Brunschwig, Henri. 1974. Enlightenment and romanticism in eighteenth-century Prussia. Chicago, IL: University of Chicago Press. ISBN 9780226077680.
    Carsten, F.L. 1981. The origins of Prussia. Westport, CT: Greenwood. ISBN 9780313232206.
    Clark, Christopher M. 2006. Iron kingdom: the rise and downfall of Prussia, 1600-1947. Cambridge, MA: Belknap Press of Harvard University Press. ISBN 9780674023857.
    Craig, Gordon Alexander. 1984. The end of Prussia. (The Curti lectures, 1982) Madison, WI: University of Wisconsin Press. ISBN 9780299097301.
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  7. What is Prussia?: Understanding Prussian History

    www.familytreemagazine.com › what-is-prussia

    At its peak, Prussia included half of modern Poland and all but southern Germany. Though itself one of Germany’s many states, Prussia at one point included: West Prussia, East Prussia, Brandenburg (including Berlin), Saxony, Pomerania, the Rhineland, Westphalia, non-Austrian Silesia, Lusatia, Schleswig-Holstein, Hanover, and Hesse-Nassau.

  8. Prussia - The kingdom from 1815 to 1918 | Britannica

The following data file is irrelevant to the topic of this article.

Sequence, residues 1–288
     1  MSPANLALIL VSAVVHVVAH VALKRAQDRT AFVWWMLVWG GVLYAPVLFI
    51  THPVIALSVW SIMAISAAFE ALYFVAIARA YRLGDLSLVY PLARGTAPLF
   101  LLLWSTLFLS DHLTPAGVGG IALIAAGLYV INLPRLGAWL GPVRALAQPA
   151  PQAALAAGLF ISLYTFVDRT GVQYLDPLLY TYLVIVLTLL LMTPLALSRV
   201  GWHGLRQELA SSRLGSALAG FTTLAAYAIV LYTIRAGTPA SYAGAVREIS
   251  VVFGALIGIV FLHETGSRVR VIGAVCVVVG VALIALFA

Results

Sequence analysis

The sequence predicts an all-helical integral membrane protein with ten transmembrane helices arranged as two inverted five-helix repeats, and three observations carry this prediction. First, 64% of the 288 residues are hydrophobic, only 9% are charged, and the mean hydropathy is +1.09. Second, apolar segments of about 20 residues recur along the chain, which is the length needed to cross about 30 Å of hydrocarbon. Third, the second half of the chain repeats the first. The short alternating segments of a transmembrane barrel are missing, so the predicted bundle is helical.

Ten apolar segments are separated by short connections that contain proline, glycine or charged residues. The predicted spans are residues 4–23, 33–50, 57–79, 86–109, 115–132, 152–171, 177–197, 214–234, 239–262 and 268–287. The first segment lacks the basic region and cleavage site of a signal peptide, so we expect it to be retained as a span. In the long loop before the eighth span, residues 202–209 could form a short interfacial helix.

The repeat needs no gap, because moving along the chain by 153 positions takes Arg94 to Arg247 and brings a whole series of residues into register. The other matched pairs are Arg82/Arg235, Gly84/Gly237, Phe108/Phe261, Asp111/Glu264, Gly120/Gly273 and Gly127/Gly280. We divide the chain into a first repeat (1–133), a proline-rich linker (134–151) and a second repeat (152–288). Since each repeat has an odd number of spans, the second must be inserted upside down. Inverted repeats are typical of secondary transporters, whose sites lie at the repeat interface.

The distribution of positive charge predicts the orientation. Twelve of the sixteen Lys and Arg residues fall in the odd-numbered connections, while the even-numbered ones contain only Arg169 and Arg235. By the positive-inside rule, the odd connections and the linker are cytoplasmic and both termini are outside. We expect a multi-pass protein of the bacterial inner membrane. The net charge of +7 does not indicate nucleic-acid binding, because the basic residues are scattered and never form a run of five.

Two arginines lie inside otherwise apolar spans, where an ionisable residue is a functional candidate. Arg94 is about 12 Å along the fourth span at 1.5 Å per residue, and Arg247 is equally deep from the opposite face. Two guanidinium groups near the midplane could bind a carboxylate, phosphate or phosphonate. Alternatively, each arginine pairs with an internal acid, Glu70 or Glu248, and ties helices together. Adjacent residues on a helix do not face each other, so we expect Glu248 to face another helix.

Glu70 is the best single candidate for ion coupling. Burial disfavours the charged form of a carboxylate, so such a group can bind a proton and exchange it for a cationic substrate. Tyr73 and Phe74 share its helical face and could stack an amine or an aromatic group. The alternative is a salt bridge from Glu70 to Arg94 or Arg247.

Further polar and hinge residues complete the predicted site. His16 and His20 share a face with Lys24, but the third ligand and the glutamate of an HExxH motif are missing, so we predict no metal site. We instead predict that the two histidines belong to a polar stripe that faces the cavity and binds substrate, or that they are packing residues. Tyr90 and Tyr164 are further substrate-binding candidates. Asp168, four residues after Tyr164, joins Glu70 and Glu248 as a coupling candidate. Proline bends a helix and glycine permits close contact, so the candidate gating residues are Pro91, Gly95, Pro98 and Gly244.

www.britannica.com › place › Prussia

    Prussia—which lost part of Silesia, Posen, West Prussia, Danzig, Memel, northern Schleswig, some small areas on the Belgian frontier, and the Saar district as a result of the Treaty of Versailles or the ensuing plebiscites—became a Land under the Weimar Republic, with more-restricted powers than before and with little influence on the government of the Reich.

  9. Where was Prussia? - Quora

    www.quora.com › Where-was-Prussia

    In ancient times, Prussia was the name of an area on the southern Baltic coast, between the rivers Vistula and Neman, to the north of Poland. It's a land of dense forests, many small lakes and marshes, and cold sandy beaches. A thousand years ago, the land was inhabited by about a dozen independent tribes, who were called 'Prussians' by outsiders.

  10. Prussia Originally "Preussen" referred to the geographical area that had been settled by a Baltic tribe, the Pruzzen. This area later became the Duchy of Preussen (Prussia), a Polish fiefdom, which was obtained by the Margrave of Brandenburg in 1618. In 1701 the margrave of Brandenburg assumed the title of "king" for himself and his succesors.